Neurofibromatosis

DEFINITION

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EPIDEMIOLOGY
Type I is relatively common at 1:3000.

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AETIOLOGY
Two AD genetic IEMs.
Type I: von Recklinghausen Disease
- 50% new mutations.
- expressivity very variable, but penetrance of 100%.
- most of the below relates to type 1
Type II: acoustic neurofibromatosis
- just 1:40-50,000
- NF2 gene on chromosome 22q12.

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BIOLOGICAL BEHAVIOUR

Pathophysiology
The NF1 gene on 17q11.2, encodes neurofibromin, which down-regulates p21 ras oncoprotein function
- hence belongs to the family of tumour-suppressor genes.
In neurofibromas (see below), all the elements of nerve tissue are proliferated.
- dispersed in a loose disorderly fashion.
- the plexiform variety (below) can become malignant in 5%.
- the superficial lesions rarely become malignant.
In Type II, they develop bilateral acoustic schwannomas and multiple meningiomas.
- also nodular ingrowth of non-neoplastic cells, eg Schwann cells into the cord, meningioangiomatosis into brain etc.
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MANIFESTATIONS

Principle Features

Type I

1. Multiple neural tumours (neurofibromas) widely dispersed.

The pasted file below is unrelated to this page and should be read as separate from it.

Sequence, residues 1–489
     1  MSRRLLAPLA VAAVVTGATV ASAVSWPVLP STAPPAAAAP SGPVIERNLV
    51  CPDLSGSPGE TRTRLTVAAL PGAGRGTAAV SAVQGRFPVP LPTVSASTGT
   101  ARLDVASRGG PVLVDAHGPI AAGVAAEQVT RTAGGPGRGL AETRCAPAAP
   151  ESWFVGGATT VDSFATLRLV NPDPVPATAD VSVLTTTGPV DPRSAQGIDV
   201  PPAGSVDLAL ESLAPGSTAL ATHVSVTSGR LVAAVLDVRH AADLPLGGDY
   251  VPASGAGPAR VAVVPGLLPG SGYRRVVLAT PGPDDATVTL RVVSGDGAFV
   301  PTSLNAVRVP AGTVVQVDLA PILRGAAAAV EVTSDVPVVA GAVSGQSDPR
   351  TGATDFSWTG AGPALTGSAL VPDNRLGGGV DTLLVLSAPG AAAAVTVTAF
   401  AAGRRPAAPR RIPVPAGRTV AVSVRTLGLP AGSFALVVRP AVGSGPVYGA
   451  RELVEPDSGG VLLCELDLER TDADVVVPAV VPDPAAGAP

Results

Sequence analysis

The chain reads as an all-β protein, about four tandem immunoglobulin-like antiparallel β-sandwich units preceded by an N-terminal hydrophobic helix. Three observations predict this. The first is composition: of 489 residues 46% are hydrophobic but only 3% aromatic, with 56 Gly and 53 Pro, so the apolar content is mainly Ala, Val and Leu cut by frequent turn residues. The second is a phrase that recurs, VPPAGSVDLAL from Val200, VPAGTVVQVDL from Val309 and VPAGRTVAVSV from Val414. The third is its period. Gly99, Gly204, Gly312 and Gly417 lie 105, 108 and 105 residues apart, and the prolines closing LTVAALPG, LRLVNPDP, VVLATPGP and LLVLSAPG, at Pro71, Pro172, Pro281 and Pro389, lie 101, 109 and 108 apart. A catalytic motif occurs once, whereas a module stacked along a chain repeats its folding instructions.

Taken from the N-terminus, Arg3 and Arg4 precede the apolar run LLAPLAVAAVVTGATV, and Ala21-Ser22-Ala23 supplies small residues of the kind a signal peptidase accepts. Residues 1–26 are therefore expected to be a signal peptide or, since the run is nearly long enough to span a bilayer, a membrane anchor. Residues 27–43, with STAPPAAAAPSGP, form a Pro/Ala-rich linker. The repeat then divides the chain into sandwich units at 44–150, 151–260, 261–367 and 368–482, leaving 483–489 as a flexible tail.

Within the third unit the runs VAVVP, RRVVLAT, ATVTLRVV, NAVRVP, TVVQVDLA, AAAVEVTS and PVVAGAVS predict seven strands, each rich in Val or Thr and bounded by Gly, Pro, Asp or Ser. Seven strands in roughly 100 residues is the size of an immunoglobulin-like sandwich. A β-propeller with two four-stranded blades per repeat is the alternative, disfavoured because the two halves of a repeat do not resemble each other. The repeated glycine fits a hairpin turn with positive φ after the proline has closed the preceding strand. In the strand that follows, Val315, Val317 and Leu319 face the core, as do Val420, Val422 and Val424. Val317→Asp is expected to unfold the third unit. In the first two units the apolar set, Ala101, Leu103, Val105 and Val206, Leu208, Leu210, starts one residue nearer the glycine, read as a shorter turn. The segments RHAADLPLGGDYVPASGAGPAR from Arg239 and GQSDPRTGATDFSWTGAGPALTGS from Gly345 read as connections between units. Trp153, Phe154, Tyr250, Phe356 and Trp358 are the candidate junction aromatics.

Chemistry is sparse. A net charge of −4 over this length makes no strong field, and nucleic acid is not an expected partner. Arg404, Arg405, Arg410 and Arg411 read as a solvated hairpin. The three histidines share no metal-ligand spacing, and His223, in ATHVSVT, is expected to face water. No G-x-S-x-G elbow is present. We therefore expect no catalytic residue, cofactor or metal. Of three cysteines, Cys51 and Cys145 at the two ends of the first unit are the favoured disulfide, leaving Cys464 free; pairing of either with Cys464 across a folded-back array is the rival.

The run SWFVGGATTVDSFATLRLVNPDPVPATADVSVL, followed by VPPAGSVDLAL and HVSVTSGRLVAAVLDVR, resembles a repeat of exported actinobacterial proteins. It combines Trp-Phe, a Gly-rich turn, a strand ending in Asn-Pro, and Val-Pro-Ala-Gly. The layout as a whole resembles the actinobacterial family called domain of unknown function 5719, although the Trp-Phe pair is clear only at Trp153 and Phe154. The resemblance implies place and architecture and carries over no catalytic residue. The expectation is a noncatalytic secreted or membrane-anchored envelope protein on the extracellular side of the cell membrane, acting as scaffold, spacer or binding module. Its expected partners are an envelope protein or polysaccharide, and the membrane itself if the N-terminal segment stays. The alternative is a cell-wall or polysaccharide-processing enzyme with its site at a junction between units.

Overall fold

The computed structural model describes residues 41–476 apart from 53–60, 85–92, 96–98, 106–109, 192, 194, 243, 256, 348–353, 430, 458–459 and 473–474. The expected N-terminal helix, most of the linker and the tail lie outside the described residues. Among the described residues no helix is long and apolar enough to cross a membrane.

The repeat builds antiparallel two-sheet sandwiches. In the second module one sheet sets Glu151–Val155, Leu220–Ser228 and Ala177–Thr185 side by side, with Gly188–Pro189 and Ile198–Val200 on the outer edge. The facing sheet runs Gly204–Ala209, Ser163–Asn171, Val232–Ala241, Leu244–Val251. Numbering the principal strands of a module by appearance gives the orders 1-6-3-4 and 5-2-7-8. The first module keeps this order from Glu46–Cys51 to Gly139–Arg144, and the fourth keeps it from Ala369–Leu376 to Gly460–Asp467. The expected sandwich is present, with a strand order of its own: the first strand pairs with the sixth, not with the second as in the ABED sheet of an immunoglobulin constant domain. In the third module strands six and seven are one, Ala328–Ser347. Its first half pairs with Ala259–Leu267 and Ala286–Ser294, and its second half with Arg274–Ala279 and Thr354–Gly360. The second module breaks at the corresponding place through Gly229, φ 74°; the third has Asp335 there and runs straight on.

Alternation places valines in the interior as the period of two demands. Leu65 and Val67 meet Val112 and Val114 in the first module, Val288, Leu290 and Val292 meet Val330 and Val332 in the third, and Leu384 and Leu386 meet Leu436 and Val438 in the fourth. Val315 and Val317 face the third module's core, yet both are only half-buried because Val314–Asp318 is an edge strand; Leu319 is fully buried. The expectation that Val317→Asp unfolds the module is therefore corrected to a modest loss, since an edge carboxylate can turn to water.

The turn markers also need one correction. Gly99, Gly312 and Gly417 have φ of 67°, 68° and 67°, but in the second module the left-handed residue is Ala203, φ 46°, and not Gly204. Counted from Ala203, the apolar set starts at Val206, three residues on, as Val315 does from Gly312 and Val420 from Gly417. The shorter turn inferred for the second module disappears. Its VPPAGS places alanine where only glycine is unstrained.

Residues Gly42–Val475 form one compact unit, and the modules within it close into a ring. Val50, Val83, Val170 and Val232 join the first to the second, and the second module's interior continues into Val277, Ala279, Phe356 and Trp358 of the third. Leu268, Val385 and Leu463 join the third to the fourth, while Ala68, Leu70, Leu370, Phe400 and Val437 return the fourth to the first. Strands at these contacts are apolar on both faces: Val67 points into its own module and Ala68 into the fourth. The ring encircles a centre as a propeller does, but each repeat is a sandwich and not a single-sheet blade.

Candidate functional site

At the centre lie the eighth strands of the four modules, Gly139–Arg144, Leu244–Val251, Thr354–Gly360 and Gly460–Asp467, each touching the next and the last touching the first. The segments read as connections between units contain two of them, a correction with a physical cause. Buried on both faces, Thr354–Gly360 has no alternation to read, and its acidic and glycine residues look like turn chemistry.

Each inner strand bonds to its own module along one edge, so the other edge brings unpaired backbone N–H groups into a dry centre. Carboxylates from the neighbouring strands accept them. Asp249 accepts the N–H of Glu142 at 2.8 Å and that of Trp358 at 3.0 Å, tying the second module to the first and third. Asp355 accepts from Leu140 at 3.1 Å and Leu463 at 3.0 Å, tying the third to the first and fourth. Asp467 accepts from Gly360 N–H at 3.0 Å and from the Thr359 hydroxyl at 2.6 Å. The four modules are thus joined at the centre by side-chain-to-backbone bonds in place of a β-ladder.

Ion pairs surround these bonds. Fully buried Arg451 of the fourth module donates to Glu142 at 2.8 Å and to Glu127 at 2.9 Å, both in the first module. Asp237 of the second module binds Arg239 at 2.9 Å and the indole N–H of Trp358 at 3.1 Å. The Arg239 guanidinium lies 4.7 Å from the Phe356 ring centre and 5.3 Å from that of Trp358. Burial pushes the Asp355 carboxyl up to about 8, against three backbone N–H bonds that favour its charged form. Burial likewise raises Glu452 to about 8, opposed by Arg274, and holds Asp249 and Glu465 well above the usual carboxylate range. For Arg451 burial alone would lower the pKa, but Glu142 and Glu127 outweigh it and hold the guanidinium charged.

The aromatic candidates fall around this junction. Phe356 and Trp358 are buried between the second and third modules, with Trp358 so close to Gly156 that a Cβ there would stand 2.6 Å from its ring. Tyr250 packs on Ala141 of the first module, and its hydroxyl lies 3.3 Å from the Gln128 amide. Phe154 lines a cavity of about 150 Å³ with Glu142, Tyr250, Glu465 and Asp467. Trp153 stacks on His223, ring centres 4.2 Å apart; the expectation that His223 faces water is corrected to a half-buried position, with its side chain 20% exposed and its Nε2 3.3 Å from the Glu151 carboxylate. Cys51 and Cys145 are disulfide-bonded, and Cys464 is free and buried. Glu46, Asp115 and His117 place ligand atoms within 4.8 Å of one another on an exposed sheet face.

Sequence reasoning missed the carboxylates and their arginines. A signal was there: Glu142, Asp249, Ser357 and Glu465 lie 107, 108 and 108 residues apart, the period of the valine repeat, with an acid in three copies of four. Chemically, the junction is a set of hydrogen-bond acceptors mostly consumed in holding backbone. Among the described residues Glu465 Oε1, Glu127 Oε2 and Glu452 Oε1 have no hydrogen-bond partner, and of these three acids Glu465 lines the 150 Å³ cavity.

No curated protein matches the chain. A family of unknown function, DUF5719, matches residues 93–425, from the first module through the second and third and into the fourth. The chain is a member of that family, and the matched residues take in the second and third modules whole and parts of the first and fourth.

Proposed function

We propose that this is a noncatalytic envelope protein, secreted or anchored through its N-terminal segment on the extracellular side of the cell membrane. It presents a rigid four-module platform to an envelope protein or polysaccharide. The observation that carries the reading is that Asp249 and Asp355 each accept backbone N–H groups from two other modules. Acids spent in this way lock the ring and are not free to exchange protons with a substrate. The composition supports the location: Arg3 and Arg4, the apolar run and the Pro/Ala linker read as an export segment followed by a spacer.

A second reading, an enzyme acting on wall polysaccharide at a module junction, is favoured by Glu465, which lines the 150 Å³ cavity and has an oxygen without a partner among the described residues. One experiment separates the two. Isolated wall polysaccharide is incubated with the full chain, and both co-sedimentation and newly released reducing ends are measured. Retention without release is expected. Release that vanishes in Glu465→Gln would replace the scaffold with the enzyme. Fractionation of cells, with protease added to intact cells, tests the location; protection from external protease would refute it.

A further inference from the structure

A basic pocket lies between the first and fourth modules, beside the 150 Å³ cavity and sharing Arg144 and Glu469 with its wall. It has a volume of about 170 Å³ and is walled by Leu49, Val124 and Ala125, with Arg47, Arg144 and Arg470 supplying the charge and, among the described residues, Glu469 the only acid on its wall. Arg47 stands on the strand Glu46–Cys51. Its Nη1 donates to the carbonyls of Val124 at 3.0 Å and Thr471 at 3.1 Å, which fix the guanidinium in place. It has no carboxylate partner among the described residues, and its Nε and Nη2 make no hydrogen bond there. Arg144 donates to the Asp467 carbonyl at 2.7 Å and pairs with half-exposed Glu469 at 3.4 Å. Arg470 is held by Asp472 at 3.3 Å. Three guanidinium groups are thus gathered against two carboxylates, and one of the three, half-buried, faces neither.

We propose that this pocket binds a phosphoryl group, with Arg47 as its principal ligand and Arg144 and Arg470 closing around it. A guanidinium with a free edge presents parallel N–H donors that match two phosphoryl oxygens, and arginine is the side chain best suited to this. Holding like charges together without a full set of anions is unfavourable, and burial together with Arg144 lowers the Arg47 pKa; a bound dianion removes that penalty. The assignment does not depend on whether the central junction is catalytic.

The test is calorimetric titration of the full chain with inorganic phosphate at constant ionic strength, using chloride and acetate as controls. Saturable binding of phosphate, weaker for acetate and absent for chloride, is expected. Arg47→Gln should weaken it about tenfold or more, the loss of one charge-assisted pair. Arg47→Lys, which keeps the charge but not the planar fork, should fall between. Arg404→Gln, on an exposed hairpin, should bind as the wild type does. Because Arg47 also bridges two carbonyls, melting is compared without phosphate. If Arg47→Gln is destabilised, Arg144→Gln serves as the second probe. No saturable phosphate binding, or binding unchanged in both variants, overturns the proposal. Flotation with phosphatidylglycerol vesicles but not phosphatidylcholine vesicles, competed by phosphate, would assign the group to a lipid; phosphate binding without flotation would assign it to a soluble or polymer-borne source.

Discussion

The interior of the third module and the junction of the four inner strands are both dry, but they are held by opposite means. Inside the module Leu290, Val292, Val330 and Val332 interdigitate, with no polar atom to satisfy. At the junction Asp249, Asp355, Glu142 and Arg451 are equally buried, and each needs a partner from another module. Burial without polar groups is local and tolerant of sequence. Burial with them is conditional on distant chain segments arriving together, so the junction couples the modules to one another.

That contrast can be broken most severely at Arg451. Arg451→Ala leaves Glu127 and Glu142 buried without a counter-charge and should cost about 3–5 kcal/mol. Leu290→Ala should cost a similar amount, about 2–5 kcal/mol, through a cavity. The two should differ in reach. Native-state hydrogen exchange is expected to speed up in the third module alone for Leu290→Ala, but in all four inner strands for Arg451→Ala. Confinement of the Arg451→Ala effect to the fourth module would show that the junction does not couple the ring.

- if cutaneous, are soft, sessile or pedunculated.
- subcut tumours are firm round and often painful.
- skin / subcut tumours can be from 1 - 20cm huge pendulous masses.
- or 'plexiform neurofibroma', thickened toruous nerves, with overling hyperpigmented skin.

2. Numerous pigmented skin lesions (including cafe au lait spots)
- found in 90% or more.
- normal people may have a few, but six or more >1.5 cm makes the diagnosis likely.

3. Pigmented iris hamartomas (Lisch nodules)
- 94% or people over the age of 6
- symptomless but help in diagnosis.

Associated Abnormalities
Skeletal: erosive lesions (bone neurofibromas), scoliosis, cystic lesions, subperiosteal bone cysts, pseuroarthrosis of the tibia.
Other tumours: 2-4x risk, eg Wilm's rhabdomyosarcomas, meningiomas, optic gliomas, phaeochromocytomas, CML.
Cognitive: some have normal IQ, but most reduced intelligence.
GI: obstruction or bleeding if neurofibromas occur in the gut.
Renal: hypertension (arterial blockage)
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INVESTIGATIONS
Largely a clinical diagnosis.
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MANAGEMENT
As per specific defect being treated.
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REFERENCES
Robbins Pathology.